Under "Self-Interested Intervention" ([section][section] 26-30), we find restitutionary claims between joint owners of property ([section] 26) and between unmarried cohabitants ([section] 28). We find the claims of persons who improved property that they reasonably expected to own, only to have that expectation dashed ([section] 27). And we find the conceptual basis of the whole law of attorneys' fees in common fund cases, most notably including class actions ([section] 29). Finally, there is a residual rule, tightly limiting restitution in other cases of unrequested benefits to those in which the benefit is received in cash or can be returned in kind, so that there is no hint of forced exchange--no risk of making a defendant pay for something she might not have wanted ([section] 30).

"Restitution and Contract" (Chapter Four) addresses two sets of problems of considerable commercial importance and conceptual confusion. The first is "Restitution to a Performing Party with no Claim on the Contract" ([section][section] 31-36). When one side partly or wholly performs a contract later discovered to be unenforceable for whatever reason--statute of frauds or indefiniteness ([section] 31), illegality ([section] 32), lack of legal capacity ([section] 33), mistake, impossibility, or frustration of purpose ([section] 34)--the party who performed may have a claim in restitution for the benefit conferred. Here is the whole law of quantum meruit--a phrase that survives from the days of quasi-contract and can be translated into plain English as "reasonable value" ([section] 31 cmt. e)--explained and rationalized. It is not just amateurs who sometimes perform without an enforceable contract; it is also business people and professionals in a hurry. These issues often arise in real estate contracts (22) and in contracts for services, including cases where an attorney does valuable work without an enforceable fee agreement ([section] 31 cmt. h, illus. 18-19). They can arise in unexpected contexts, as when a divorce agreement divides a $5 million account with Bernie Madoff and that balance turns out to be a fiction ([section] 34 cmt. e, illus. 19). Similar issues arise when a party to a contract is coerced or manipulated into doing more than the contract requires ([section] 35), or when he performs valuable services and then breaches, forfeiting his claim on the contract but not necessarily his claim in restitution ([section] 36).

Topic 2 of Chapter Four, "Alternative Remedies for Breach of an Enforceable Contract," includes the settled law of rescission ([section] 37), the more confused law of reliance and restitutionary damages, much clarified here and relabeled "Performance-Based Damages" ([section] 38), and a remedy newly stated but with support in the cases for disgorgement of profits from opportunistic breach ([section] 39). I return to these issues in Section IV.A.

"Restitution for Wrongs" (Chapter Five) addresses a whole series of commercially significant torts: trespass and conversion ([section] 40), misappropriation of financial assets ([section] 41), infringement of intellectual property ([section] 42), breach of fiduciary duty or confidential relation ([section] 43), and other intentional interference with legally protected interests ([section] 44). This catchall provision includes established torts such as fraud ([section] 44 cmt. c, illus. 12-13) and intentional interference with contract ([section] 44 cmt. b, illus. 4-6). It includes emerging problems such as identity theft ([section] 44 cmt. b, illus. 2), and profitable wrongdoing too unusual to easily classify, such as the unauthorized redistribution of satellite signals ([section] 44 cmt. b, illus. 1). The payoff is that addressing these torts through restitution can lead to restitutionary remedies, including disgorgement of profits ([section] 51) and a constructive trust over identifiable proceeds of the wrong ([section] 55) as alternatives to compensatory damages. Fraud is confined to the catchall here because it is more fully addressed in section 13, where the remedy is rescission of the affected transaction.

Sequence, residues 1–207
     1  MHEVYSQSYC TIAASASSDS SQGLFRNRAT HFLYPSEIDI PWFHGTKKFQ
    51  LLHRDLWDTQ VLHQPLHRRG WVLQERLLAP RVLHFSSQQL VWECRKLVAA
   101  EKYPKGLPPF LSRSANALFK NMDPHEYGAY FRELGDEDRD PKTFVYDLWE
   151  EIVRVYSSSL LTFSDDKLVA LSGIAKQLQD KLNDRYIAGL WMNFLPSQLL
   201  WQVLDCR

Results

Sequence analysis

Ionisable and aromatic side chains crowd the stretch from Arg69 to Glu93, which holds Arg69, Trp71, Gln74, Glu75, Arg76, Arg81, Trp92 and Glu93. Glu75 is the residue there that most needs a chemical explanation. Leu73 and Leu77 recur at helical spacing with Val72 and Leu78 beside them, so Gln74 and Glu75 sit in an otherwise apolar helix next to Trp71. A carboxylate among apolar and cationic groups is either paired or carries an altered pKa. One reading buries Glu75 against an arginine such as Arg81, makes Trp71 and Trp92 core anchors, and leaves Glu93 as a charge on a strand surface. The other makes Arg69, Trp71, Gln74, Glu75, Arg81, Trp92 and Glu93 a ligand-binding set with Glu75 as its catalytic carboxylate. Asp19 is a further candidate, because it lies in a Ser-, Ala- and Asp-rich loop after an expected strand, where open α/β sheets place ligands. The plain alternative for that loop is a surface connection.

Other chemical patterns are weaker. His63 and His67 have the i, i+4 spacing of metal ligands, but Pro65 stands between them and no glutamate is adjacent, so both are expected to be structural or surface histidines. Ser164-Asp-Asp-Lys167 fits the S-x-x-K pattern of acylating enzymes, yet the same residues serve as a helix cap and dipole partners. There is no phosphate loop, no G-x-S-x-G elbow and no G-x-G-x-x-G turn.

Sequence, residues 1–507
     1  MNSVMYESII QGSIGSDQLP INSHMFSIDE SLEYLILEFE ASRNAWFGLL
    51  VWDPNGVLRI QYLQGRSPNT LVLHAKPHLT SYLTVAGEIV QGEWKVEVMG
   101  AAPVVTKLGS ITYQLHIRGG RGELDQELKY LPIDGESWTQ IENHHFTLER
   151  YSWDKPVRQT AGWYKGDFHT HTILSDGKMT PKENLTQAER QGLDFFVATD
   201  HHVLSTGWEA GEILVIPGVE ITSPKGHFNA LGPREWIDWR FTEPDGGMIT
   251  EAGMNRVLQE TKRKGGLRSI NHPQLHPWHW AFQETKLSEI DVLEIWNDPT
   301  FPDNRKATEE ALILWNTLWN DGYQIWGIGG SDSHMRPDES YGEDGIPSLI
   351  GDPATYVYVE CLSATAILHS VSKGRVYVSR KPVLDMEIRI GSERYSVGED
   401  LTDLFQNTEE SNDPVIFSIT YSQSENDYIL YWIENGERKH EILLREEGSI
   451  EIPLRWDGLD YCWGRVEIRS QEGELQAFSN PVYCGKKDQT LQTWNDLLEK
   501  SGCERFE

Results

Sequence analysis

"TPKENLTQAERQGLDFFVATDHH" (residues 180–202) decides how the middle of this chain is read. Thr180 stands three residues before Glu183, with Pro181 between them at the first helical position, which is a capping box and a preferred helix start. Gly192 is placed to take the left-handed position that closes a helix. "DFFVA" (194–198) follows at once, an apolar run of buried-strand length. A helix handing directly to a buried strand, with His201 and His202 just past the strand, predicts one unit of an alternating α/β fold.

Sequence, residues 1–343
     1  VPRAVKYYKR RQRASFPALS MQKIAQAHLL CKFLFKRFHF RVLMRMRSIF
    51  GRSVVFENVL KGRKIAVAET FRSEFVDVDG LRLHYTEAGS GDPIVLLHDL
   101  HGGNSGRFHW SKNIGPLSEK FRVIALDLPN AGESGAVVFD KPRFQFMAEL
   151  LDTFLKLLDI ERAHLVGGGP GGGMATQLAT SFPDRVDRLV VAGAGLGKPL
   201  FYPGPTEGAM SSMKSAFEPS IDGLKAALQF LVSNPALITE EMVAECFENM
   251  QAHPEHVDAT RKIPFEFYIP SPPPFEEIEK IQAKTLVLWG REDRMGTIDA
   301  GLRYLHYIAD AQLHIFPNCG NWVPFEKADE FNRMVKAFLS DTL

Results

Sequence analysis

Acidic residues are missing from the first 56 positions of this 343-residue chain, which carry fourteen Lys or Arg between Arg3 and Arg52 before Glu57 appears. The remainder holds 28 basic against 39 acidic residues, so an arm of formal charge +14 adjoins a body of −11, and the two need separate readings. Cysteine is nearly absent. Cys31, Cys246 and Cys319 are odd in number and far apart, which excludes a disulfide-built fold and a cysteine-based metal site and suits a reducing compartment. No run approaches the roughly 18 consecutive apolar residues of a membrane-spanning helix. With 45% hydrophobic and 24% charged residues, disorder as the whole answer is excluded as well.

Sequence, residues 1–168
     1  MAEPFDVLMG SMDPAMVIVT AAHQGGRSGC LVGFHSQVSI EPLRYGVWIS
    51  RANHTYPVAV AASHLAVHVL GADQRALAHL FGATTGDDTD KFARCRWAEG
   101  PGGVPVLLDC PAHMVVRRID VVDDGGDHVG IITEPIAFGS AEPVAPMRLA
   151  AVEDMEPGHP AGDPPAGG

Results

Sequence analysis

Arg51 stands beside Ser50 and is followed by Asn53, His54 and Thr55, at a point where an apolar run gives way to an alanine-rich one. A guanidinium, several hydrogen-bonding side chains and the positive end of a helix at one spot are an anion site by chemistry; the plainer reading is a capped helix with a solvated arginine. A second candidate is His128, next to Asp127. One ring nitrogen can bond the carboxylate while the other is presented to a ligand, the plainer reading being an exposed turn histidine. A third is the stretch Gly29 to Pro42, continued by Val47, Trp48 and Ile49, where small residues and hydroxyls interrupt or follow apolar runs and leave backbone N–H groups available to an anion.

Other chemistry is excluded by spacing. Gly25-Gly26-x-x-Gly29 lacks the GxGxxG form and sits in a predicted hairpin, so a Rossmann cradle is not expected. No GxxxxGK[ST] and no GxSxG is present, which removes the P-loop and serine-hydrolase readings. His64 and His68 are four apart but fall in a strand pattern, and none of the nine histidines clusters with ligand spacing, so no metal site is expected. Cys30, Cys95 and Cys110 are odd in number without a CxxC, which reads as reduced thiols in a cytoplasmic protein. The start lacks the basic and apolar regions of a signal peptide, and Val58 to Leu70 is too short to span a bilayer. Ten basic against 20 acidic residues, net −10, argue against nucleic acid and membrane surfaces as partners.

"Restitution for Wrongs" also includes some spectacular personal wrongs that are not so commercially significant but are surprisingly complex when they arise. These include homicide by an heir, an insurance beneficiary, or a joint owner with survivorship rights ([section] 45), and a remarkable variety of other forms of interference with attempts to make a gift or a will ([section] 46).

Finally, there is a miscellaneous set of three-party cases in which A makes a payment to B that should have been made to C ([section][section] 47-48). Often these cases are based on mistake or some other ground also addressed elsewhere in the Restatement. But the three-party variations raise enough distinct issues to justify separate treatment.

B. Restitutionary Remedies

Restitutionary remedies were never as academically neglected as restitutionary causes of action, but they were often fuzzily defined and only partially understood. Restitutionary remedies necessarily involve a measure of discretion, but this Restatement brings clear and mostly precise formulations to guide that discretion.

The measure of recovery in restitution varies with context to a much greater extent than the measure of compensatory damages. The fundamental question in damages, subject to many limits and exceptions, is how much a plaintiff lost, comparing what actually happened to what would have happened but for the wrong. (23) But in restitution, the question is not even presumptively as simple as how much defendant was enriched as compared to what would have happened but for the events giving rise to the claim in restitution. The question is how much defendant was unjustly enriched. How much of his enrichment is unjust may depend on all the facts and circumstances.